Semester of Graduation
Master of Science in Civil Engineering (MSCE)
Civil and Environmental Engineering (CEE)
Nitrogen (N) and sulfur (S) are essential nutrients, however excess quantities can stress ecosystems. Atmospheric nitrogen and sulfur deposition lead to changes in water and soil chemistry, consequently resulting in ensuing detriment to multiple ecosystems such as acidification of water bodies. This affects a multitude of plants and animals such as trees, insects, and fish. Louisiana has copious natural water resources. Therefore, it is essential to safeguard its valuable resources from excess atmospheric N and S deposition. However, knowledge of N and S deposition and its unfavorable effects in the Southeast U.S., particularly Louisiana, is limited.
In this research, a source-oriented Community Multi-scale Air Quality (CMAQ) model was employed to simulate present and future emission, formation, transport, and deposition of S and N species in Louisiana for the purpose of understanding the forms and amount of S and N deposition resulting from dry and wet deposition, to illustrate the spatiotemporal alterations of deposition fluxes, and to quantitate the contributions of various sources to N and S deposition. The Weather Research and Forecasting (WRF) model was utilized to predict future variations in climate and the subsequent fluctuations of deposition due to climate change. The Sparse Matrix Operator Kernel Emissions (SMOKE) model was used to convert the resolution of the emission inventory data to the resolution required by CMAQ.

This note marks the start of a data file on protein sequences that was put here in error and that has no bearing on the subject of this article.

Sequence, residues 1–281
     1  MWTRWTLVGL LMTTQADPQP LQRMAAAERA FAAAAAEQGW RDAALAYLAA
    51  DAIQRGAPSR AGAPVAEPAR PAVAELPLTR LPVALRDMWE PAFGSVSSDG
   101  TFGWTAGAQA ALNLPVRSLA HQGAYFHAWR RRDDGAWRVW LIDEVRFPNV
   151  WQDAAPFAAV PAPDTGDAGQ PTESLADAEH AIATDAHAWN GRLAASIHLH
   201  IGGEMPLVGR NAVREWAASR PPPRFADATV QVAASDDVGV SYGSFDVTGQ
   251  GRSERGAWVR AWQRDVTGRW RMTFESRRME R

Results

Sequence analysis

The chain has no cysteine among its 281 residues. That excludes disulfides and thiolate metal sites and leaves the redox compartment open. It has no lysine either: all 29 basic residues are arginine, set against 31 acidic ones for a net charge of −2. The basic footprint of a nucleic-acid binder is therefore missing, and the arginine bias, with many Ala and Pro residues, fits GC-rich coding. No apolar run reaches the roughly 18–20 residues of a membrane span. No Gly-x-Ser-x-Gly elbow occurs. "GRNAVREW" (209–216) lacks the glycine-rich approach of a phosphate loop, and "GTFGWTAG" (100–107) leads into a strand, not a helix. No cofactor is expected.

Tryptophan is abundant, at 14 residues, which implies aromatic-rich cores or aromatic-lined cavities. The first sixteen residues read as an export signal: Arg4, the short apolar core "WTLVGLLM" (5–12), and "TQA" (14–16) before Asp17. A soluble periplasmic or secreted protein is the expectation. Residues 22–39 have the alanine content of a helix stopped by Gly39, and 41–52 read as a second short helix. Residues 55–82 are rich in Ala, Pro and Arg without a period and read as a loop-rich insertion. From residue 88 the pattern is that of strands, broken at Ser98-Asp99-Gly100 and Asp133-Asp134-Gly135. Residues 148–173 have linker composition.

As predicted, nitrogen and sulfur deposition fluxes were lowest in the controlled case, followed by the no change case and business as usual case. However, although N and S deposition were lowest in the controlled emission scenario, there was still a significant increase of deposition fluxes.
The prevailing contributor of wet deposition of S was particulate sulfate (AeroSO4) with peak total monthly flux of 6 kg S/ha, whereas the chief form of dry deposition of S was SO2 with a total monthly flux of approximately 3 kg S/ha. Deposition of N was predominantly in the following forms: NH3, HNO3, NO2, and particulate nitrate (AeroNO3). Electric generating utilities (EGU), industry, and upwind sources were the three primary sources of sulfur deposition, with EGU contributing the most (1.6 kg S/ha per month) followed by industry (1 kg S/ha per month) and upwind sources. Industry (0.8 kg N/ha) and on-road vehicles (0.6 kg N/ha) were the leading source sectors of nitrogen deposition (excluding NH3). “Other” sources (containing agriculture) were the prevailing source of ammonia.
This research contributes to the understanding of N and S deposition and identifies key nitrogen and sulfur emission sources in Louisiana and is beneficial for the enhanced development of more effective nitrogen and sulfur emission regulation strategies. It pinpoints EGU, industry, and upwind sources as main S polluters and industry, on-road vehicles, and “other” sources (including agricultural sector) as principal N polluters. The results of this study will advise environmental policymakers on which sectors, species, and regions to target to better protect Louisiana’s valuable natural resources.
Nguyen, Jessica, "Current and Future Deposition of Nitrogen and Sulfur in Louisiana" (2019). LSU Master's Theses. 4989.
Available for download on Monday, June 22, 2026